FIRESTATION

FIRESTATION_manhattan,ks_4th year student project

This was a fourth year project completed at Kansas State University under Christopher Spaw.  The purpose of this semester was to take a project from Schematic Design to Design Development, and then complete a simple set of Construction Documents.

FORM RATIONALE

The site for this building is located on a 150’ x 90’ downtown Manhattan, Kansas corner lot. The largest requirement of a fire station is getting fire trucks with their large turning radii in and out of the apparatus room and allowing for the greatest amount of flexibility of parking arrangements.  The biggest issue of building a fire station on this location was the massing of building to accommodate the greatest amount and flexibility of fire truck parking based on maximum turning radius.

From the studying fire truck turning radii came the massing of two boxes, a narrow 140’ x 20’ living bar adjacent to the street with a wider mechanical bar perpendicular to it. This massing allowed for the largest truck to park in any stall of the apparatus room and easily pull out onto the street.

These boxes were clearly articulated in section, two crystalline structures tucked into the urban fabric. These glass boxes necessitated protection from the sun and privacy in certain places, and they needed a connection a connection with one another, making too buildings one. From this came the design of a wrapping screen. This screen was engineered for the differing functions within.  In some places blocking harsh southern light while letting in northern light and opening up views to the outside for public areas and blocking views for private areas.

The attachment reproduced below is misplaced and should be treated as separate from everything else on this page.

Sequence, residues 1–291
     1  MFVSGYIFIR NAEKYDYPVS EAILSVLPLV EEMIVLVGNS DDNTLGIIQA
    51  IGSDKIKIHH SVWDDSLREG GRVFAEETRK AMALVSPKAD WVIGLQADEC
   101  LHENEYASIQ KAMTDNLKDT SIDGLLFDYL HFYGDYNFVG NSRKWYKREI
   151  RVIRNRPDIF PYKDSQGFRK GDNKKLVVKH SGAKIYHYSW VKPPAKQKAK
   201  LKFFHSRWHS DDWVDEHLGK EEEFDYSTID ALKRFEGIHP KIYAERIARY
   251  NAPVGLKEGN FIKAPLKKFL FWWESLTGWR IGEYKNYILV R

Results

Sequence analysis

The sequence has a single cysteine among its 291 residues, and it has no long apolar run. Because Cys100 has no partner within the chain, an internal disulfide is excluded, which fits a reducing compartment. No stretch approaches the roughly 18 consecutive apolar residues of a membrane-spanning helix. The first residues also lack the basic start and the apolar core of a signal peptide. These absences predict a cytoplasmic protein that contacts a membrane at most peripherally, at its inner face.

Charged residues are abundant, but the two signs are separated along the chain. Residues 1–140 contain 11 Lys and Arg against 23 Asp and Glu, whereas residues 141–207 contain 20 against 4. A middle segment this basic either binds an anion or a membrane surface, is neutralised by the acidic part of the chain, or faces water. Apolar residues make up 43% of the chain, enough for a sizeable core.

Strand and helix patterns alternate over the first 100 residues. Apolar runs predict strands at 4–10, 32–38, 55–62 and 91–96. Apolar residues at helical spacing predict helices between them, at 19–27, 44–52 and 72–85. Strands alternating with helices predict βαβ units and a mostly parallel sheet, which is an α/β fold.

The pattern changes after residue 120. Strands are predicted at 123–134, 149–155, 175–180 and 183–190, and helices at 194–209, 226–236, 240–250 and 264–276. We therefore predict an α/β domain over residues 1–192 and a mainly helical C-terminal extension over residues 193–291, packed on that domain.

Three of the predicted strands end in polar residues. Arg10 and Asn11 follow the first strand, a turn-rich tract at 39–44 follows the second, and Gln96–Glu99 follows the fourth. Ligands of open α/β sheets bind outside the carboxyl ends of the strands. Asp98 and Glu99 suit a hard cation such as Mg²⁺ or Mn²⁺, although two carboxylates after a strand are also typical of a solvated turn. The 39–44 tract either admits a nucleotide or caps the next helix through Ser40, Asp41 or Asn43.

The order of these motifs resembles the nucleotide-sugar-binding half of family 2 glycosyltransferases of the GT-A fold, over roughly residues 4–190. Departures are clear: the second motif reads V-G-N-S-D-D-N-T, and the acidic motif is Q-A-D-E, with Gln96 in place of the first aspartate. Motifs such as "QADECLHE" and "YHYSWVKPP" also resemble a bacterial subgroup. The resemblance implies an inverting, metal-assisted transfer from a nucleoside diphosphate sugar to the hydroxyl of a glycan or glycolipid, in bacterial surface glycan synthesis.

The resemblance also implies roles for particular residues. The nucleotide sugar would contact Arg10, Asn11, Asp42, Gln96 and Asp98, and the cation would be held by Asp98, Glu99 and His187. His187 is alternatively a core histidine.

PROCESS

The majority of design was completed through modeling and then moved to drafting, in this case Vector Works.  Shown above are some of the models numbered for their place in development.  Also shown is the same section in Schematic, DD, and CD phases.

Simple materials: glass, concrete, brushed aluminum, translucent ceiling panels, and exposed CMU, allow the two boxes, one for man and one for machine, to exist in the background and become neutral containers. This allows the objects which distinguish the two boxes from each other to be on display.

PERFORATED STEEL PANEL SCRIM SYSTEM
The panels are perforated in a brick pattern. Three sides of each “brick” are cut out and the forth is bent. The amount of bend can be altered according to the angle of the mounting surface, angle of the sun, or for other desired effects, particularly responding to views.

Panels are either installed so that the tabs are open to the sky, allowing direct sunlight and privacy from the street, or they are installed so that the tabs are open to the ground, blocking direct radiation and allowing views to the outside.

The end product of the project was a 44 page set of Construction Documents.  A sample of a wall section is shown above.

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